IMAGES from the World Cup match between India and Sri Lanka played at the Wankhede stadium in Mumbai on Thursday
Mohammed Shami and Mohammed Siraj intimidated and scarred an under-prepared Sri Lanka with a fast bowling exhibition for the ages as India demolished the islanders by a record 302 runs to enter the World Cup semi-finals in Mumbai on Thursday.
On a Wankhede track that looked placid, India piled on a mammoth 357 for 8 in 50 overs.
Sri Lanka crumbled under lights for a paltry 55 in 19.4 overs to ensure an eighth semi-final appearance for India at the global event. This was India's biggest victory by margin of runs in the 48-year history of the tournament.
With 14 points from seven games, Rohit Sharma's army will like to finish with an all-win record as they now face South Africa in Kolkata on November 5 and the Netherlands in Bengaluru on November 12.
Shami (5/18 in 5 overs) took his second five-wicket haul in this edition and with 45 scalps, became India's highest wicket-taker in World Cup history.
Siraj (3/16 in 7 overs) was equally incisive and Jasprit Bumrah (1/8 in 5 overs) formidable as ever in a picture-perfect bowling performance.
As the Indian juggernaut rolls on, every performance seems like a dream played on a loop.
Exactly 45 days ago, Siraj had dismantled the Sri Lankans for 50 in the Asia Cup final and it seemed that the effect of that game has stayed in the minds of the Lankans, who became the second team after Bangladesh to get eliminated from the 10-team event.
It was fascinating to see how the same 22 yards looked so different when the two teams batted.
But the capacity Wankhede crowd wouldn't have believed what came in next.
On that placid track, the ball started jagging around as Siraj and Shami didn't give any Lankan batters any respite during the 19 odd overs that they bowled.
If Siraj came wide off the crease and delivered unplayable in-cutters, Shami bowled from close to the stumps and got the ball to move away enough that either it kissed the outside edge of the bat or there was loud thwack of the stumps.
Hitting the right areas is an oft-repeated statement but doing it day in and day out and getting those wrists into the business with perfect seam position creating doubts in batters' minds, Shami has etched his name in the history books.
On Thursday, Shami and Siraj showed quality of pitch doesn't matter, quality of players do.
Earlier, Virat Kohli once again missed out on a record equalling 49th ODI hundred but Indian batters made merry on a flat deck to score a mammoth 357 for 8 against Sri Lanka.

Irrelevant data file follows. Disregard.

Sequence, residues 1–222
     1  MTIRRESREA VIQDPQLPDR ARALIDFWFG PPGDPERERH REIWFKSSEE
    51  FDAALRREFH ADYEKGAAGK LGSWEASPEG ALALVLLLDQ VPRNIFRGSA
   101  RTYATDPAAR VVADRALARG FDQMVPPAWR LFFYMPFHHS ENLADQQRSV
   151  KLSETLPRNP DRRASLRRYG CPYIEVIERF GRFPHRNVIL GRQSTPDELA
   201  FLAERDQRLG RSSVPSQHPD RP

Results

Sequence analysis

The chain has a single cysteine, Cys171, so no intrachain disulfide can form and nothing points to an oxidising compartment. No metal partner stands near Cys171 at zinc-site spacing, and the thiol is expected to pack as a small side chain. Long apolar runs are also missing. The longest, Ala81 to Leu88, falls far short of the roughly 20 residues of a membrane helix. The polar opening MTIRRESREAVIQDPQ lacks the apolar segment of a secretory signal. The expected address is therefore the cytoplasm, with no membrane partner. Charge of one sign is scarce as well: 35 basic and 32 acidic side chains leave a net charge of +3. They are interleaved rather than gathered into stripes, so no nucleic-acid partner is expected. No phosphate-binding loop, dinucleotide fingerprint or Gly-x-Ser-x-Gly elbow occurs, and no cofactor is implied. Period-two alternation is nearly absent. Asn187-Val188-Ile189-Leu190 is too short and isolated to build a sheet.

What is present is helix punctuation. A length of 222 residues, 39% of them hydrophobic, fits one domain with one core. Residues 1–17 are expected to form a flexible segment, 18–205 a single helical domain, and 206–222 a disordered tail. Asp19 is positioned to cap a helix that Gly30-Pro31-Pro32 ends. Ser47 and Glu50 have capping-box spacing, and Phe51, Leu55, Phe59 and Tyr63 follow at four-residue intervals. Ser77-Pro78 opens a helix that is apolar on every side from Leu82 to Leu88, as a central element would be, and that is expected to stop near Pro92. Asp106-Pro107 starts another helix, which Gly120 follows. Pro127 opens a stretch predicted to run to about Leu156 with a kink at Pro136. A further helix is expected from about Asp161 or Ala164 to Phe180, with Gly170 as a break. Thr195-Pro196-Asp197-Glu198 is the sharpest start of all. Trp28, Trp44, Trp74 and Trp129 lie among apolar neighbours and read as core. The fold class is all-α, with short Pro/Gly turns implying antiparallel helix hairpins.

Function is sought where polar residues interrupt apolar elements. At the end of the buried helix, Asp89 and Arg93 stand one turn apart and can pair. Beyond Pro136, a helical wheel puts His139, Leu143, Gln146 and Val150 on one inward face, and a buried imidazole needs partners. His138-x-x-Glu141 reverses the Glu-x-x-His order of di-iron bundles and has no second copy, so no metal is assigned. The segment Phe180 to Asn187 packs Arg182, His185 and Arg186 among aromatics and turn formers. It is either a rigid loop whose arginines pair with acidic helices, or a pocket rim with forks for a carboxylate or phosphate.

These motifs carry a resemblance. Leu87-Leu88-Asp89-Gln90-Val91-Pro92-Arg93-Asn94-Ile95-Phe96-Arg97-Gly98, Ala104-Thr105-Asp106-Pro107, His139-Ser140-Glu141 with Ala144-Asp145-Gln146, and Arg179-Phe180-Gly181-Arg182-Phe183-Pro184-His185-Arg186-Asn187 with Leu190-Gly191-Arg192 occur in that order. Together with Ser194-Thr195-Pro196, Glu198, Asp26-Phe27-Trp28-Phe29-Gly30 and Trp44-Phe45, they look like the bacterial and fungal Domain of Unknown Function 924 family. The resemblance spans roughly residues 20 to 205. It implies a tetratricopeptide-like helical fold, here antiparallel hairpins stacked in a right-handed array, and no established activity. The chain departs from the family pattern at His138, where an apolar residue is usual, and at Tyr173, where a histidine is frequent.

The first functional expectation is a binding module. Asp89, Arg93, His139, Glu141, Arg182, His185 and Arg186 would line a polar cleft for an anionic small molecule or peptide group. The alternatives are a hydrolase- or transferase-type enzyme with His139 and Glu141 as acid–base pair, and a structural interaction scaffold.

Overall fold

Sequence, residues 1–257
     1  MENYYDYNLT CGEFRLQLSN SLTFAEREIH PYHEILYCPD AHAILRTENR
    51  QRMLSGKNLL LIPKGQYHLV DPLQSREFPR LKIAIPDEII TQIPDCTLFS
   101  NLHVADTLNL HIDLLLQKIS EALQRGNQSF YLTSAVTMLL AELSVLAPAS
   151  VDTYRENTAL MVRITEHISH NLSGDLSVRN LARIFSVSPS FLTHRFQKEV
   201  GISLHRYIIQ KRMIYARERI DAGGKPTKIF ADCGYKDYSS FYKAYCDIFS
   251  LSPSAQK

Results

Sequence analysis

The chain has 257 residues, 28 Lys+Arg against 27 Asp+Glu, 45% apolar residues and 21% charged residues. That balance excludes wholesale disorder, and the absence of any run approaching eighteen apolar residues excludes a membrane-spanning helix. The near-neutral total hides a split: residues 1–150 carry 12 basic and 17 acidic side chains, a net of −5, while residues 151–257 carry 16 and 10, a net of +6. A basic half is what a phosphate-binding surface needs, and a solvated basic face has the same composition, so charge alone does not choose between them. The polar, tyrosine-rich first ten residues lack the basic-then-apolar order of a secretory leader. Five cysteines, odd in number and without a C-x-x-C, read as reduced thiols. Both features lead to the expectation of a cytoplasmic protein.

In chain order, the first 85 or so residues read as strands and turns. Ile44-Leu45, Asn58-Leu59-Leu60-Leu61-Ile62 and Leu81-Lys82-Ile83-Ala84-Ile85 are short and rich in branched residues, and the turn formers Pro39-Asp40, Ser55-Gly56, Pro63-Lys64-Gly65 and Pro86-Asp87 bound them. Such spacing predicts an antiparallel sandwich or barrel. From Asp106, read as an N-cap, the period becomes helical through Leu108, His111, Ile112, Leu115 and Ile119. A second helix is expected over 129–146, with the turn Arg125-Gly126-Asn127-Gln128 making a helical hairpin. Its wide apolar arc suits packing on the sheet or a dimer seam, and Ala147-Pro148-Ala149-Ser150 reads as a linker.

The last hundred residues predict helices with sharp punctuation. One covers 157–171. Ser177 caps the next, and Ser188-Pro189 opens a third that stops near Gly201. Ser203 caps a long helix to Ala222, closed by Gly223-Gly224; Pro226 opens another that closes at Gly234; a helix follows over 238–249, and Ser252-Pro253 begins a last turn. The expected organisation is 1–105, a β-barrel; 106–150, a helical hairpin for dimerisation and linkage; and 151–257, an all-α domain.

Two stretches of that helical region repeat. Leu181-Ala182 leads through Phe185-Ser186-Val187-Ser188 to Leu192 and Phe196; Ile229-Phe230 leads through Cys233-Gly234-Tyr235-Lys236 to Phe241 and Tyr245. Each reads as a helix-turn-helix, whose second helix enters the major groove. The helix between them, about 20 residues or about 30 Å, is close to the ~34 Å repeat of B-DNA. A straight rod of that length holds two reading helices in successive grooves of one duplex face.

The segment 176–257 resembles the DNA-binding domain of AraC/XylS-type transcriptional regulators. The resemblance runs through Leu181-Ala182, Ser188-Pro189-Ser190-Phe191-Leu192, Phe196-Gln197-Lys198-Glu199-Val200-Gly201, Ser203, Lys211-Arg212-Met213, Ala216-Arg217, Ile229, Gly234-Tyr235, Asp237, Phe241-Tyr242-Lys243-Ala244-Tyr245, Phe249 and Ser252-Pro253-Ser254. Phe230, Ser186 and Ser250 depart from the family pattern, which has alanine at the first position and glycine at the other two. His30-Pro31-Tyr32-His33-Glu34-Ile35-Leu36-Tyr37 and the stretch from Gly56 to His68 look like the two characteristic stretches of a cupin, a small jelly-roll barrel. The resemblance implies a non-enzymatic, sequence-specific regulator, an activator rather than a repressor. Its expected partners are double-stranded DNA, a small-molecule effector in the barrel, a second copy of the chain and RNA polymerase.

Kohli (88 off 94 balls), who previously missed out on equalling Sachin Tendulkar's 49th ODI ton, against New Zealand in Dharamsala, enjoyed a 189-run second wicket stand with his heir apparent Shubman Gill, who looked a million dollars during his run-a-ball 92.
After a mini-slump, it was Shreyas Iyer (82 off 56 balls), who feasted against a mediocre bowling attack on a placid track, to get some form back before the match against South Africa at Eden Gardens, which will be played on a spicier track.
Starting briskly with a flurry of sixes, Iyer's innings was instrumental in taking India past 350 after they lost both Gill and Kohli in quick succession. His innings featured six sixes and three fours.
Dilshan Madushanka (5/80 in 10 overs), who bowled a peach of a delivery to get skipper Rohit Sharma (4) first up, also denied all three Indian batters, what would have been deserving hundreds. He used the slower cutters and bouncers to good effect during his second and third spells.
Kohli and Gill weathered the storm adequately well to get through the initial overs and piled up a mountain of runs to put India on top.
In the sixth over, Dushmantha Chameera almost had Kohli's wicket but could not hold on to a return catch on his follow-through which saw the ball popping out.
Beginning with a risk-free approach, Kohli and Gill stitched India's highest-ever partnership in this World Cup for any wicket, putting on 189 runs from just 179 balls for the second wicket as India took complete control.
Kohli looked primed to equal the legendary Tendulkar's tally of most ODI centuries but met with a soft end, lobbing a straight catch to cover after a masterful 88 from 94 balls which included 11 fours. The ball stopped on him as he was committed on the drive but it hit the upper part of the blade to balloon up.
Gill started slowly but produced a compelling knock that brought him close to his first century of the tournament. Gill's first runs came off the ninth ball that he faced, but there was no stopping the fluent batter once he pulled Madushanka with command for a four to mid-wicket and followed up with a fabulous backfoot punch on the next delivery.
Gill also looked set for his first ton of the tournament but looking to guide a bouncer from Madushanka, he was cramped for room and caught behind for a run-a-ball 92 featuring 11 fours and two sixes.